But before we get to the solid gold, I’d like to take a moment to remind you that this podcast has both audio and video – so you can either listen on your favorite podcast platform or watch on YouTube by searching “Joy Joya”. You can support the podcast for free by taking the time not only to subscribe but also to leave a rating and review on Apple Podcasts. I’m also so thrilled to announce that the recipients of the Joy Joya “Name Your Price” Jewelry Brand Incubator have been chosen. Congrats to the following emerging brands, which will be working for us for the next six months: Jennifer DeMoro Jewelry, Junebug Jewelry Designs, Olaeda, Geralyn Sheridan Designs, Lori Francescutti, and Fenomena. I’m hoping to get some of these talented business owners on the podcast so stay tuned! And I’m hoping to get some of these talented business owners on the podcast. So stay tuned for that.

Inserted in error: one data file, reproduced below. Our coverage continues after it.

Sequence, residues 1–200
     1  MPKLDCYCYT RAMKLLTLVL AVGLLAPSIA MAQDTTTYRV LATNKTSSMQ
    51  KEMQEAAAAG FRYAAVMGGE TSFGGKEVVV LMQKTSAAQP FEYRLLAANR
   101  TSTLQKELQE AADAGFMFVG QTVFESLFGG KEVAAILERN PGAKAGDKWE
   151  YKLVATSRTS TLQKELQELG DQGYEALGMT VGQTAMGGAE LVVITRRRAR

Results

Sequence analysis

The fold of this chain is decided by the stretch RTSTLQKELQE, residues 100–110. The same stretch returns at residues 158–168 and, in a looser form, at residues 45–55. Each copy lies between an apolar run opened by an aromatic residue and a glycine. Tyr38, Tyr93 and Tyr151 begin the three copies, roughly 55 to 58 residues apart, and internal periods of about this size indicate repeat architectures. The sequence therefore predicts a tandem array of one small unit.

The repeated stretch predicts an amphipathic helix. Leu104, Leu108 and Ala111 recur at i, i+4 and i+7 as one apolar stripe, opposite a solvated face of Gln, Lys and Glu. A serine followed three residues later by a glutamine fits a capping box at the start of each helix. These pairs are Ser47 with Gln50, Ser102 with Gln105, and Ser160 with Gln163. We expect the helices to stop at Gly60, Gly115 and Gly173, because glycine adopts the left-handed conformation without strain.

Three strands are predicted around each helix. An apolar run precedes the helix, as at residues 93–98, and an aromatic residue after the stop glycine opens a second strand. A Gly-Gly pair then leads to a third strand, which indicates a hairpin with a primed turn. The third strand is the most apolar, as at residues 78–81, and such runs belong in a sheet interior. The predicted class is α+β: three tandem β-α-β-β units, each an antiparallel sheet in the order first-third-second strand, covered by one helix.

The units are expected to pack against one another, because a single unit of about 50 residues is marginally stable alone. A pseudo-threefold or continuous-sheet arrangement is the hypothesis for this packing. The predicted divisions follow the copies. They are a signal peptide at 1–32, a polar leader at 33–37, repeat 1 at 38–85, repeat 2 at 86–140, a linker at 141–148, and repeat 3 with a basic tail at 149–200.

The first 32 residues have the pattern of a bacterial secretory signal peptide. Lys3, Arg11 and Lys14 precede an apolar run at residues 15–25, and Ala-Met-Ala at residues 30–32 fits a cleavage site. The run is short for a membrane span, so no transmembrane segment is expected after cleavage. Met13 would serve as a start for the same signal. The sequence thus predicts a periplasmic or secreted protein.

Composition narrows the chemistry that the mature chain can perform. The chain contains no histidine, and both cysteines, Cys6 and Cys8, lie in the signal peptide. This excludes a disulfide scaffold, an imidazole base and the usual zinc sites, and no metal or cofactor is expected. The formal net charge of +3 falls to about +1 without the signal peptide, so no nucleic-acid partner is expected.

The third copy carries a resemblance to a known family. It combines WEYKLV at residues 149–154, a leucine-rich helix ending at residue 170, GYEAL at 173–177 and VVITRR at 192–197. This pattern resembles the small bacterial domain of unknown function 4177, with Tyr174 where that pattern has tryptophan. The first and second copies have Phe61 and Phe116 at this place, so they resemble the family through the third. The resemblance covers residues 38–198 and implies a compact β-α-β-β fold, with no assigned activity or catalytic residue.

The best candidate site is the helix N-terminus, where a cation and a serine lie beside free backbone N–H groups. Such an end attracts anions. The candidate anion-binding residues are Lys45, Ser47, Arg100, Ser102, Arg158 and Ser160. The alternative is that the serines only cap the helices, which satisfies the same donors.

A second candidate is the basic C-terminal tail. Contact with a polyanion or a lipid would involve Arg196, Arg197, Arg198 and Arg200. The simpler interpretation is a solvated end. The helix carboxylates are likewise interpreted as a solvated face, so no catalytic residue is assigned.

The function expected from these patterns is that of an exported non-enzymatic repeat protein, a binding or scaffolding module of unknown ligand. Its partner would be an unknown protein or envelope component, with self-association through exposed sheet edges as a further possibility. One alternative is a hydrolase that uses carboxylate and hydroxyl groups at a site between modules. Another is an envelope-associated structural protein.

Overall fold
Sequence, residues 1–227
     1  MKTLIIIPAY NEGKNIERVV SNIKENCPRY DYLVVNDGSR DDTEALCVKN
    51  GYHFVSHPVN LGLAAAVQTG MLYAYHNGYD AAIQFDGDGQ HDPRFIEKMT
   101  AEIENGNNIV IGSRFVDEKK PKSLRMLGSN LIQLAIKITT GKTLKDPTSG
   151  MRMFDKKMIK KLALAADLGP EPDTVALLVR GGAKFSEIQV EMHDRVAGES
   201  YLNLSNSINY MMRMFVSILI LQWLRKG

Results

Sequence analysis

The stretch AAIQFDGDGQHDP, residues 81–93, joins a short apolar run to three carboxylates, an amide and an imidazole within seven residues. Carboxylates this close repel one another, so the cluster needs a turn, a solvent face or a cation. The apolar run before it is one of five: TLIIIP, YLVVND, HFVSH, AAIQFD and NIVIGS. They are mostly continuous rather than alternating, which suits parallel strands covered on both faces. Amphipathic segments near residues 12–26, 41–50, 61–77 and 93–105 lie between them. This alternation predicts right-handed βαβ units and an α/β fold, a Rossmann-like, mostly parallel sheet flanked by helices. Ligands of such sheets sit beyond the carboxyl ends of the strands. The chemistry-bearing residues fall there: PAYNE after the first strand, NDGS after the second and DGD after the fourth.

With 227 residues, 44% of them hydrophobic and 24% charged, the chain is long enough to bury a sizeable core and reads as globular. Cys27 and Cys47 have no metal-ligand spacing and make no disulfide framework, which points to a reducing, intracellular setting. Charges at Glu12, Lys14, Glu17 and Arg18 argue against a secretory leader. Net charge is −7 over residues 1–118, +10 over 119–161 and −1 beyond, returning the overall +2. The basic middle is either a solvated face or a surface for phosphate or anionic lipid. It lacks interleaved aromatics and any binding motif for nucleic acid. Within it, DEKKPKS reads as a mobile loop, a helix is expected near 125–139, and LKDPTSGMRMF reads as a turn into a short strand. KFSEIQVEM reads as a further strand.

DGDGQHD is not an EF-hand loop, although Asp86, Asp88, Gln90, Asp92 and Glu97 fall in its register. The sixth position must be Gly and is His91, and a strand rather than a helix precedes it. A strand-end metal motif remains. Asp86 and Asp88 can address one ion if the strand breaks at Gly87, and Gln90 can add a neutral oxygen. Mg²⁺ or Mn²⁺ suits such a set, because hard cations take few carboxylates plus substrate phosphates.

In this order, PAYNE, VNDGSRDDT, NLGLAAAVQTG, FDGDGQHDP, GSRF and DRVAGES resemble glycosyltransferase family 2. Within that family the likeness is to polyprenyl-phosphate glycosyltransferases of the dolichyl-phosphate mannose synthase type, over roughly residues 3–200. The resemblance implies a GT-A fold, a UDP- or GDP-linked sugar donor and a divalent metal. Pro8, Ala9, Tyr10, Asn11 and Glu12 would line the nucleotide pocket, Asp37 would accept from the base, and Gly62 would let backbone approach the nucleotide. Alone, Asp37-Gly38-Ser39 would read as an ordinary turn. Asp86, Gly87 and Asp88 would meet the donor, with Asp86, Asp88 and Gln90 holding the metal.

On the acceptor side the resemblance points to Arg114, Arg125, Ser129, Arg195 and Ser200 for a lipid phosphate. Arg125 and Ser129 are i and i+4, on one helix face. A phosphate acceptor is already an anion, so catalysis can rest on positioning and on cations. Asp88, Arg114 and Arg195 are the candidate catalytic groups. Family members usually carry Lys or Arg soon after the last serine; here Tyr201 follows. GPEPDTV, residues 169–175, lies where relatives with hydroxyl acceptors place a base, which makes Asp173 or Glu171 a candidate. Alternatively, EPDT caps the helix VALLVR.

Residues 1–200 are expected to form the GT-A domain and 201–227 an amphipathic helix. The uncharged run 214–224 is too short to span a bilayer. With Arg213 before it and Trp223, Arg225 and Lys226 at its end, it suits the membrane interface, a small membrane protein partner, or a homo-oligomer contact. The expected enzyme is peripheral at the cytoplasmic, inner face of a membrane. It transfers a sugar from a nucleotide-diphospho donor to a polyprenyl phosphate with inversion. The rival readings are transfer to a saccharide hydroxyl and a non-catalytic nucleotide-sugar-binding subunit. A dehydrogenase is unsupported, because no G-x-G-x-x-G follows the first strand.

Okay, let’s get into today’s episode, my Sparklers! This one’s all about why your production calendar and your marketing calendar need to be aligned and how to get both those calendars on the same page for optimal results. First off, let’s define what a production calendar or schedule means for a jewelry business. Essentially, even the smallest jewelry businesses operate similarly to manufacturing companies because they create products for their customers. To successfully manage this process, they need a detailed plan that outlines how to produce their goods. For small businesses, this could be as simple as using a spreadsheet or another manual method to keep track of their production activities. It’s important to have a system in place to monitor both upcoming and current product lines or collections. Why is it crucial to know your production calendar beforehand? Planning equals success, as you’ve likely gathered from this podcast. A solid plan gives you the time to prepare and set yourself up for success, instead of scrambling at the last minute. While there’s room in the marketing calendar for evergreen topics and existing inventory, relying solely on these isn’t sufficient. Customers crave novelty occasionally, and it’s up to you to provide it. But to do so effectively, you need an idea of when new products will be available and what they’ll entail.